by Michael Heggen
As I write this, it is just after noon on Good Friday. This is a day of religious significance, certainly, but there it has historical significance, too. So, those of you who get turned off by "religious talk", please bear with me and keep reading.
At this time of day, about 2,003 years ago, on a hill outside of Jerusalem, three men hung on wooden crosses, dying. Two of the men were thieves who had been sentenced to death. The third man was named Jesus, and even the Roman governor Pontius Pilate could find him guilty of no crime. Yet there he hung, slowly asphyxiating, exhausted, utterly broken.
Now, just so you know, I am one of those people who believe that this man Jesus was the Son of God. You might believe that, too, or you might not. People like me are usually called Christians, but that is a label. And, like all labels, it gets misapplied, so that there are many people who call themselves Christians who are not, just as there are people who do not call themselves Christians who actually are. Confusing, isn't it? Labels are funny that way.
But none of that really matters right now.
Regardless of how you label yourself, or how others label you, I invite you to step away from the crises of the world for a day--Iraq, Syria, North Korea, etc. Turn off the television. Put the newspaper away. Turn off the radio news. Don't go surfing the web for the latest war news.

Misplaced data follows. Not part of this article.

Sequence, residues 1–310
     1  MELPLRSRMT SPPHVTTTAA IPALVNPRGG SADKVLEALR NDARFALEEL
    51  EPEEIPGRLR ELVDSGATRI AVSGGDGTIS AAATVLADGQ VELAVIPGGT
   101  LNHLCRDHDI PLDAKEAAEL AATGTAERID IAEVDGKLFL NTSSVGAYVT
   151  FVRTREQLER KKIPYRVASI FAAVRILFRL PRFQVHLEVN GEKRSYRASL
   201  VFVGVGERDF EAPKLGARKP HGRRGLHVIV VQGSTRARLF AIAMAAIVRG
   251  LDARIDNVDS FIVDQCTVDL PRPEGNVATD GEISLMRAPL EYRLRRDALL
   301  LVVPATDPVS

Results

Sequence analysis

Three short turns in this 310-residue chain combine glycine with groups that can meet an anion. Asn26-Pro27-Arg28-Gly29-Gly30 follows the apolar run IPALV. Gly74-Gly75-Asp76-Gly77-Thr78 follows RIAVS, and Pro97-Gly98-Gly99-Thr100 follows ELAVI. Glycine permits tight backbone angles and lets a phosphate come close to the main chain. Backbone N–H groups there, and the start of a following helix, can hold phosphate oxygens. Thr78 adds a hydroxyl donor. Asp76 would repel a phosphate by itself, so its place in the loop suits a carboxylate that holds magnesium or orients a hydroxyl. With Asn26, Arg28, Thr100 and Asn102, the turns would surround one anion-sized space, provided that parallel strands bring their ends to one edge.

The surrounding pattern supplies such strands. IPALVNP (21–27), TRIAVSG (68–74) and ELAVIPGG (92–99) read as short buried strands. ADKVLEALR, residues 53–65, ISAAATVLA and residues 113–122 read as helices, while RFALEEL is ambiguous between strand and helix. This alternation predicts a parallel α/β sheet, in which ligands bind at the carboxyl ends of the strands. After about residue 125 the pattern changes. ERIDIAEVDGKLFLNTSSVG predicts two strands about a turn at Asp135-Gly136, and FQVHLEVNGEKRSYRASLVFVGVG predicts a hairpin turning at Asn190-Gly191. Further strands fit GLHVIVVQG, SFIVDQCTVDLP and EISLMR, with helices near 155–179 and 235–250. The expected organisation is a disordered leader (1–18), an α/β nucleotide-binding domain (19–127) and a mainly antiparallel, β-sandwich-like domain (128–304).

Instead of watching CNN, I suggest that you spend that time contemplating the day's events of about 2,003 years ago during the Jewish festival of Passover, and what those events imply for us today.
"Hey!!! You said this wasn't going to get too religious!"
That's right, I did. We're talking about history here and how it applies to our lives today, but I want to let you know where I'm coming from. So stop worrying about me proselytizing and keep reading....
As I was saying, at about this time of day on the day of Preparation in Passover, a man named Jesus hung dying on a cross: whipped, beaten, mocked, derided, humiliated, utterly exhausted, and in agony. One man who had done nothing wrong. One man in a relatively insignificant (at the time) part of the Roman Empire. One man who was the son of a carpenter. One man whom a handful of Jews believed to be the Messiah, the one who would save the world. One man conceived out of wedlock. One man who, if walking the earth today, our modern society would label as a dissenter, a protester, an activist, a rabble-rouser, a kook, a nut-case--even (gasp!) a communist.
If this man was really the Messiah, the Son of God, what was God thinking??? What foolishness! What utter folly!
Who is this "King of Glory", this Messiah? Join me, for a moment, in stepping back in time to about 2,003 years ago. You will find the mind-set eerily familiar....
Many people say he is a crackpot. He's just a carpenter. He is the bastard step-son of a lowly carpenter. He tells us that we should simply love one another, and that if you can do that one simple (but so incredibly difficult) thing, everything else will fall into place.